Power Play

The Power Play and Underlying Principles of Power Play Tactics

Format
mla apa chicago
Your Citation
Fitzpatrick, Jamie. "Power Play." ThoughtCo, Sep. 29, 2016, thoughtco.com/what-is-a-power-play-2778813. Fitzpatrick, Jamie. (2016, September 29). Power Play. Retrieved from https://www.thoughtco.com/what-is-a-power-play-2778813 Fitzpatrick, Jamie. "Power Play." ThoughtCo. https://www.thoughtco.com/what-is-a-power-play-2778813 (accessed October 24, 2017).
SUNRISE, FL - MARCH 9: Dmitry Kulikov #7 of the Florida Panthers defends against Reilly Smith #18 of the Boston Bruins during a first period power play at the BB&T Center on March 9, 2014 in Sunrise, Florida.
Joel Auerbach / Getty Images

The Power Play Defined

The power play in hockey is always a source of some confusion for spectators new to the sport. The situation that creates the power occurs whenever one or two players on one team are sent to the penalty box -- that is, obliged to leave the ice for some period of time, thus giving the other team a one or two man advantage. 

The power play situation exists for either two minutes--the result of a minor penalty -- or for five minutes -- the result of major penalty.

 

Clearing Up One Source of Confusion

The name "power play" itself causes newcomers some confusion. To be literal about it for a moment, consider that a "play" in hockey has the same meaning generally that it has in most sports -- the moves a team makes either to advance its position and, when possible, to score over the other team. But in hockey, "power play" doesn't mean exactly that. Rather, it's the situation itself -- a team with a one or two man advantage -- that's called "power play," not the moves that the team with the player advantage makes during the period when the advantage exists.

In a world of logic and grammar, "power play" would logically be called "the power play situation," or "the power play advantage," or something like that. But, no: in hockey "power play," as fans and sports announcers use the term, means the advantage itself, not the strategic moves the team with the advantage makes during two or five minute time period when the advantage exists.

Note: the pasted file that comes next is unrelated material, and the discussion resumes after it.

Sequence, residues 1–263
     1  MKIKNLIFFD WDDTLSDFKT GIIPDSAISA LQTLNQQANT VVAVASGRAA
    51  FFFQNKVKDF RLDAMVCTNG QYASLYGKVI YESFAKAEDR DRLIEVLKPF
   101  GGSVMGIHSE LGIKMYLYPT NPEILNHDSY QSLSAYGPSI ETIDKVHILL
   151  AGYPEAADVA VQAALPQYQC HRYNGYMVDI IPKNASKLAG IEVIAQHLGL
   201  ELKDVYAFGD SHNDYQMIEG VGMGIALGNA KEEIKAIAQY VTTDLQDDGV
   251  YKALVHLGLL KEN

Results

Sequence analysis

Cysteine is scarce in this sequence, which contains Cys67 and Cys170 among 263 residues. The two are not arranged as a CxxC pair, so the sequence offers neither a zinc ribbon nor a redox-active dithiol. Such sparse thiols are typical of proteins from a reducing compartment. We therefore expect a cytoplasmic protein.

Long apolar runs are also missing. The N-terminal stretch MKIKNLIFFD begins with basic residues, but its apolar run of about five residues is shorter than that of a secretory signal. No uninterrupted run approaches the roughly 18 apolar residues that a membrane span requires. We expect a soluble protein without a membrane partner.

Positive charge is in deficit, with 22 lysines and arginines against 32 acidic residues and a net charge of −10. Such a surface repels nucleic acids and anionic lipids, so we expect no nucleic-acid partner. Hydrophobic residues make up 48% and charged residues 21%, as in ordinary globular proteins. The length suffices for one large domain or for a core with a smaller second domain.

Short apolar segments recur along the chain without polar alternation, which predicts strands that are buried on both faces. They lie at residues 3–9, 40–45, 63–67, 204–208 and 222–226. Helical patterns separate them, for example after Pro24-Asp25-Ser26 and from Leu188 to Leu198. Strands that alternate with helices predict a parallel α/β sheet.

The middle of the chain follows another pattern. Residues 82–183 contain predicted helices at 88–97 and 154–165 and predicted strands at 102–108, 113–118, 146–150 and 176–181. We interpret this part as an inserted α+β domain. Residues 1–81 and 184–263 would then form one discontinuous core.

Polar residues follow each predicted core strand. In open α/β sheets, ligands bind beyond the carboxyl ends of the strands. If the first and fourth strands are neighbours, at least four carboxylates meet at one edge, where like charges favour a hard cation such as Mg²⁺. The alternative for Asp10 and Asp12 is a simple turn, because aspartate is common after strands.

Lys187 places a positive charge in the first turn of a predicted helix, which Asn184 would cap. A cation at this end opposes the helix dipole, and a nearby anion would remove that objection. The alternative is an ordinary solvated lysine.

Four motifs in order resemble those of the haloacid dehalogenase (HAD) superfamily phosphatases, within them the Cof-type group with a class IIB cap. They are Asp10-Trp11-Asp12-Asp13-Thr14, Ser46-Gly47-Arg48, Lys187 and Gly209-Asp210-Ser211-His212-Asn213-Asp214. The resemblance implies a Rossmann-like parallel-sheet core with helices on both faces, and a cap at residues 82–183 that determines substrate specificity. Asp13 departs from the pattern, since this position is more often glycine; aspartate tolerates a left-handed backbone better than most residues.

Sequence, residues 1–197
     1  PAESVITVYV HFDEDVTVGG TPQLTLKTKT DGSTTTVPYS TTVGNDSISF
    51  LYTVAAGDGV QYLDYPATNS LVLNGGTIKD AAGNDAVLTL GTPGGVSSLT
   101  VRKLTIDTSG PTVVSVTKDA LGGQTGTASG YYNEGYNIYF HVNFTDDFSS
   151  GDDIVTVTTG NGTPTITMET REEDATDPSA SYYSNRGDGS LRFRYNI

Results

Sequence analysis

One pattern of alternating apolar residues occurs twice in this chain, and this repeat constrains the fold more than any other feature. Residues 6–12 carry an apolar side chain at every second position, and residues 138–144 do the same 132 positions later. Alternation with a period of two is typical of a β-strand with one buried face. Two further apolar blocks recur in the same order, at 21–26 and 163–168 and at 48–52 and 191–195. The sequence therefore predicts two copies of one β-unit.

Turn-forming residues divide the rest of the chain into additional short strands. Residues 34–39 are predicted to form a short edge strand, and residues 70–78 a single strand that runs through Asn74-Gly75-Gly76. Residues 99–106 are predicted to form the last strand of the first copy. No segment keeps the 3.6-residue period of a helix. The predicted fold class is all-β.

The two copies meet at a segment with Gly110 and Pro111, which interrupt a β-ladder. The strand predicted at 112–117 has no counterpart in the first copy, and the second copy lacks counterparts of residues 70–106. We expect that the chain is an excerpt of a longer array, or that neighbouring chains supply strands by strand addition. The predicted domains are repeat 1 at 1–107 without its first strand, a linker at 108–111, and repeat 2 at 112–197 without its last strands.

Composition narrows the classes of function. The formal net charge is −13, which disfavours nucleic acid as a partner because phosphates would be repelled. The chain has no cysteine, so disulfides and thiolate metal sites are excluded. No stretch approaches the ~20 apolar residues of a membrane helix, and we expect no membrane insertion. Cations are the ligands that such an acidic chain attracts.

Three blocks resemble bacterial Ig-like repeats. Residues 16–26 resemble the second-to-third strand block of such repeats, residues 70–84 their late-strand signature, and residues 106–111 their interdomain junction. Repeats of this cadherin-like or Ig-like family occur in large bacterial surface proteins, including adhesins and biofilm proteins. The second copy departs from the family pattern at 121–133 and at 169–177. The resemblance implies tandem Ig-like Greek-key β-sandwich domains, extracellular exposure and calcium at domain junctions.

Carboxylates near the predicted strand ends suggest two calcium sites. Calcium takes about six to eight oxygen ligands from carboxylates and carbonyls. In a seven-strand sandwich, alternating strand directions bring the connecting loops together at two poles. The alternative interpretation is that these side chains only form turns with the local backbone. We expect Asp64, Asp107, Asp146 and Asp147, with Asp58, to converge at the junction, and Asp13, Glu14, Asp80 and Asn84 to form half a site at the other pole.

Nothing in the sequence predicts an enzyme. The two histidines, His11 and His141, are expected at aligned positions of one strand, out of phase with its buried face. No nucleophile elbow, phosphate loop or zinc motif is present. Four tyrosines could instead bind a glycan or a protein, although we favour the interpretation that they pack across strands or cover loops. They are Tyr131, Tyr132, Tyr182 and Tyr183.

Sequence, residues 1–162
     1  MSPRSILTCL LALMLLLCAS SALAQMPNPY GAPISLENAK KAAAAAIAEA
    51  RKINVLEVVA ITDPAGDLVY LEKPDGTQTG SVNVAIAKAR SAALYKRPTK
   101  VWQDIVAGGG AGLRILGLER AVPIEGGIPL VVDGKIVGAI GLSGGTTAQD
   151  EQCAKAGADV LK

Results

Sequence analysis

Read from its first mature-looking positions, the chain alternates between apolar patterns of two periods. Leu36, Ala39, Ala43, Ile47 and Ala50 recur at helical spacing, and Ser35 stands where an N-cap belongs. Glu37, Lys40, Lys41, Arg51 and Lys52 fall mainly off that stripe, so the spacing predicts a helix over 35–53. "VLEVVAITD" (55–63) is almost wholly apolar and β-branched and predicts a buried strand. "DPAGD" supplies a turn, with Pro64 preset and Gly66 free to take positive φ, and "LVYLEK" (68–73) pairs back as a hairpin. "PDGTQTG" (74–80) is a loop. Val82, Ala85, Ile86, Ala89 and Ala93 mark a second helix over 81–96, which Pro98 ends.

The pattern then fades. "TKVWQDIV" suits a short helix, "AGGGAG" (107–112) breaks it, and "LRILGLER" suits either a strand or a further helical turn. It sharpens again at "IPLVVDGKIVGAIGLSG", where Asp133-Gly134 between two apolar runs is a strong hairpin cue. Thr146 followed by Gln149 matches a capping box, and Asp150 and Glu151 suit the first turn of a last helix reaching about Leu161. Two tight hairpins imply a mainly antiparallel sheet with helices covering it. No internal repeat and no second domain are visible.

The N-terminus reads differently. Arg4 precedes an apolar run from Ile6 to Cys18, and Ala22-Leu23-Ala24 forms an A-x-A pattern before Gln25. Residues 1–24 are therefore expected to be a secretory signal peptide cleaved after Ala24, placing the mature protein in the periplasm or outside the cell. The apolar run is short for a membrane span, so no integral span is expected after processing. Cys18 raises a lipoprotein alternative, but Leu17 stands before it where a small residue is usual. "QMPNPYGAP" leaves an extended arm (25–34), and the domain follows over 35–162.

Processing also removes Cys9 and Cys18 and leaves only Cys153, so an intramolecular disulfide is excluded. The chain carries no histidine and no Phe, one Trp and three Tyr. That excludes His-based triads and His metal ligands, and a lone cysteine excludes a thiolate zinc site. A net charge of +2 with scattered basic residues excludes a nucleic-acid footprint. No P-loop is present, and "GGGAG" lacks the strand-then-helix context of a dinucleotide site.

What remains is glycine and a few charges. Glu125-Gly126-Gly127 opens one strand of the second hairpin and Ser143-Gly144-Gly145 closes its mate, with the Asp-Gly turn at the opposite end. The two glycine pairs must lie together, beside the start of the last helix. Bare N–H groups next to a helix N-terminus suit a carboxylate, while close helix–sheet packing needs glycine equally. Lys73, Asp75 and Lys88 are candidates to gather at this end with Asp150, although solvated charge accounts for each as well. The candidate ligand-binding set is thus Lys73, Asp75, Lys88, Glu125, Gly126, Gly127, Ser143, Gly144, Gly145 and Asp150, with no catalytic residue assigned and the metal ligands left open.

What Ends the Power Play

A power play ends only when the penalty time-period has ended or when the game itself ends. Scoring does not end the power play; a team with a power play advantage scores as many goals as it can during the penalty period.

Power Play Tactics

Many books, articles, blogs and coaches strategy sessions have been devoted to the intricacies of power play tactics, each with its own colorful (and for newcomers, inscrutable) name: The Umbrella, 1-2-2, 11-3-3, The Spread, and so on.

Summarizing these, much less getting into the detail that hockey coaches devote to the subject,  is far beyond the scope of this short article. What can be said, however, is that underlying common power play tactics are

  • getting the puck into scoring position
  • creating player placement dynamics that pick apart defense strategies 
  • setting up tactical moves that play on the defense's lack of one or more players
  • creating tactics that give either quality shot opportunities or as many shot opportunities as possible (strategists differ on which of these approaches is best; fans, however, can get impatient with a team that spends so much time setting up a really great shot that some major portion of the time the power play advantage exists is being used up without a scoring result.
  • creating tactics that create follow-up scoring opportunities after missed shots. 
Format
mla apa chicago
Your Citation
Fitzpatrick, Jamie. "Power Play." ThoughtCo, Sep. 29, 2016, thoughtco.com/what-is-a-power-play-2778813. Fitzpatrick, Jamie. (2016, September 29). Power Play. Retrieved from https://www.thoughtco.com/what-is-a-power-play-2778813 Fitzpatrick, Jamie. "Power Play." ThoughtCo. https://www.thoughtco.com/what-is-a-power-play-2778813 (accessed October 24, 2017).